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1312 The relationship between the post-traumatic stress syndrome and the occupational stress among the firefighters in korea
  1. A Ram Kim1,
  2. Joo Hyun Sung2,
  3. Seong Woo Cho1,
  4. Kyoung Sook Jeong3,
  5. Yeon-Soon Ahn3,
  6. Chang Sun Sim1
  1. 1Department of Occupational and Environmental Medicine, Ulsan University Hospital, University of Ulsan College of Medicine, Ulsan, Republic of Korea
  2. 2Department of Occupational and Environmental Medicine, Gyeongsang National University Changwon Hospital, Gyeongsang National University School of Medicine, Changwon, Republic of Korea
  3. 3Department of Occupational and Environmental Medicine, Dongguk University Ilsan Hospital, Goyang, Republic of Korea


Introduction Traumatic stress like experience in witnessing a suicide or accidents can cause post-traumatic stress disorder (PTSD). Firefighters are exposed to traumatic stresses due to their professional nature. It is known that dealing with extra stress after the event can be a risk factor in development of the disease. Thus, we aim to study to see whether occupational stress can act as a risk factor in development of PTSD.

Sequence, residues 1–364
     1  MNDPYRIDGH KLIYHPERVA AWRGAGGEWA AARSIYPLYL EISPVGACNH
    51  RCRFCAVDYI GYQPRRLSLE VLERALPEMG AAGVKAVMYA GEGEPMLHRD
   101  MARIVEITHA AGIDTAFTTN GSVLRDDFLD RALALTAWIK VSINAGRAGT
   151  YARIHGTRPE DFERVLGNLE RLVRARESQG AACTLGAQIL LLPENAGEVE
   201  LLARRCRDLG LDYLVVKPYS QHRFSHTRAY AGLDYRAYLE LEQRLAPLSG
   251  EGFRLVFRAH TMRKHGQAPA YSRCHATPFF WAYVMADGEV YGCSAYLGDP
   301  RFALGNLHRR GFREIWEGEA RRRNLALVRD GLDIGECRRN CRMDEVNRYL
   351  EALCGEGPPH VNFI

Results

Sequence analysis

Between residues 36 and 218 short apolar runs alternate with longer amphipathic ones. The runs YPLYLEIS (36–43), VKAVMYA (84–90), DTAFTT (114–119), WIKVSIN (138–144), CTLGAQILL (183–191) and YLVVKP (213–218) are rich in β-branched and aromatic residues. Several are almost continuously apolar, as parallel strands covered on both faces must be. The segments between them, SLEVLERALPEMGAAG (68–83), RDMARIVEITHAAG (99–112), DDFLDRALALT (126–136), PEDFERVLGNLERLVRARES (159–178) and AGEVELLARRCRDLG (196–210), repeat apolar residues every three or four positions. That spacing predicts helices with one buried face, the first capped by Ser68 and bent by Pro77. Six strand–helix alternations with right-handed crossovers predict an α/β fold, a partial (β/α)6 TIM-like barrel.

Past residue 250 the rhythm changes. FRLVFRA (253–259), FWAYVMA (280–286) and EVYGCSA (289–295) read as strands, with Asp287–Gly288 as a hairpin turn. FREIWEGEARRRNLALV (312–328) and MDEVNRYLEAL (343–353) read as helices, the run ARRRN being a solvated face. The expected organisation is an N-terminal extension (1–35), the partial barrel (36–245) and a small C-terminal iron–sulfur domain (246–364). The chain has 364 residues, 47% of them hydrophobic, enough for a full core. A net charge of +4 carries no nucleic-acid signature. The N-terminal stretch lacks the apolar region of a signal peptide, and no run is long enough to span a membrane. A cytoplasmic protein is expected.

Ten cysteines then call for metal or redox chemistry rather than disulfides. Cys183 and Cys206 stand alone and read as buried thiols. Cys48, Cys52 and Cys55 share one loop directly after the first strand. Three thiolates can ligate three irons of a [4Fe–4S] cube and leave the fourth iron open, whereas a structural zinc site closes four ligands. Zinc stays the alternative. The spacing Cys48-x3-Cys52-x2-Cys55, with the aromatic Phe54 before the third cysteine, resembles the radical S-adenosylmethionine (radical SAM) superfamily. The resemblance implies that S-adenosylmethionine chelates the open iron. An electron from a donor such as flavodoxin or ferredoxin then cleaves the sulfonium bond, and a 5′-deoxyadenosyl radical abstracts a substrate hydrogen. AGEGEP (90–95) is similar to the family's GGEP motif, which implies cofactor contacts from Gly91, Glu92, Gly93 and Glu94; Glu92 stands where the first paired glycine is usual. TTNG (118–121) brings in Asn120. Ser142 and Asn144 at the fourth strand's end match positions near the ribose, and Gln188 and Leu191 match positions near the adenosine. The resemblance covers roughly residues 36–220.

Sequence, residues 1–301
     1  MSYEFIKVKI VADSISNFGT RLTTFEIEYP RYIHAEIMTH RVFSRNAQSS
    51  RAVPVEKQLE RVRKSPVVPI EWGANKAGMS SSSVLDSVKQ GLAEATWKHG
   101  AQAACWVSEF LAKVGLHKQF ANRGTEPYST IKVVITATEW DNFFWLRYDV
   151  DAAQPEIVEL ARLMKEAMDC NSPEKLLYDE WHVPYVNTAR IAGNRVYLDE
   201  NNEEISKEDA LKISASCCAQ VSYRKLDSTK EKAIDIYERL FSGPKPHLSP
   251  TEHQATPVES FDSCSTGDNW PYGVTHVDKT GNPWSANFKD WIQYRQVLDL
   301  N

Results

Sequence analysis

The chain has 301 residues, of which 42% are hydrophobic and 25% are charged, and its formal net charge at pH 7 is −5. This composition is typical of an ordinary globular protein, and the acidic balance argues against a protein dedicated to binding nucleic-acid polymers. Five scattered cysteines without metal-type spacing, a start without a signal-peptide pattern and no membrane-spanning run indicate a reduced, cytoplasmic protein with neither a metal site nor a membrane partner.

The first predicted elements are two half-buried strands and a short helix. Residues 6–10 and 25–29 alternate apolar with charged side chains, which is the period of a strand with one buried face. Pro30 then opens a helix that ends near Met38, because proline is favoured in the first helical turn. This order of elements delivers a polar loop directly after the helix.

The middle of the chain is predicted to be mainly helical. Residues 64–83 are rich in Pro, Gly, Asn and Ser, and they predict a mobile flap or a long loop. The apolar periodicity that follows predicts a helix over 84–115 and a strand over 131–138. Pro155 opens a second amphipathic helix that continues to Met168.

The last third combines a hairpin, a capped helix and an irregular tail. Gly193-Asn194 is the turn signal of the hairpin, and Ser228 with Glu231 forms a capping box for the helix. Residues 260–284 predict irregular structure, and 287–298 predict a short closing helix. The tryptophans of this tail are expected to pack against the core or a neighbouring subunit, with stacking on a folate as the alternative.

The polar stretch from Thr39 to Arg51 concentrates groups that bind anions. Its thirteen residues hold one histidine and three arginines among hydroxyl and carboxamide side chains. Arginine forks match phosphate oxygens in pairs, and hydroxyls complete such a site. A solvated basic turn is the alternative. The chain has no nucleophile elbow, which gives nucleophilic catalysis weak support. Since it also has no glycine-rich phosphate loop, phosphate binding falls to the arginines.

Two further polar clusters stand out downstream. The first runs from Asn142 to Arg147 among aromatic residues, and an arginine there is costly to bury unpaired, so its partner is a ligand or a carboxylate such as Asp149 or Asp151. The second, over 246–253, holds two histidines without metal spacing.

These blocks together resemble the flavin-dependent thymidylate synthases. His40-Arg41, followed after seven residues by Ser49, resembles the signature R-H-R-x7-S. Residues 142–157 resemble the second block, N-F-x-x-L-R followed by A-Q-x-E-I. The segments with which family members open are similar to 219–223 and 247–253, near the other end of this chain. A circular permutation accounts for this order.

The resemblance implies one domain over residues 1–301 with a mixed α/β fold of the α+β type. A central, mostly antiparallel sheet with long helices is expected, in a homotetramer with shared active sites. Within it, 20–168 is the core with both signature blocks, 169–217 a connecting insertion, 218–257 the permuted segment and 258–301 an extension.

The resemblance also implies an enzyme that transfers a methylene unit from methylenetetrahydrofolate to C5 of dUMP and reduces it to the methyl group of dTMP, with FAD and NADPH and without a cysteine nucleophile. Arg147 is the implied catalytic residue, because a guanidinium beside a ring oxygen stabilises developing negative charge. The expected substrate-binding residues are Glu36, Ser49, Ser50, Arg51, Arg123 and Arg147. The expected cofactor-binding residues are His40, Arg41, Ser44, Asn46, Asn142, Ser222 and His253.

Methods 310 among total 315 professional firefighters were given written informed consents and answered self -reported questionnaires. Impact of Event Scale-Revision (IES-R), Life Event Checklist (LEC) and Korean Occupational Stress Scale (KOSS) questionnaires were used to assess the PTSD and determine the level of occupational stress. SPSS 21.0 was used for all statistical analysis.

Results According to the IES-R questionnaire, 75 out of 310 subjects (24.2%) were in risk of developing PTSD. The LEC score which is designed to screen one’s experience of potentially traumatic events was significantly high in the PTSD risk group compared to no risk group (p=0.008). Total KOSS score of PTSD risk group (49.21±10.90) was also significantly higher than that of no risk group (45.17±10.86) (p=0.005).

Conclusion The prevalence of PTSD was significantly higher in firefighters than general population in several studies, and result of our study also corresponds well. Furthermore we could confirm that the more impact traumatic stress one has experienced in life, the more likely it is to develop PTSD and occupational stress is playing as a risk factor in the development of the disease. By identifying the level of occupational stress and the impact of traumatic event using simple self-reported questionnaires, it would be easier to detect the people who are in risk of developing PTSD and take early medical intervention to prevent the progression of PTSD.

  • firefighter
  • PTSD
  • occupational stress

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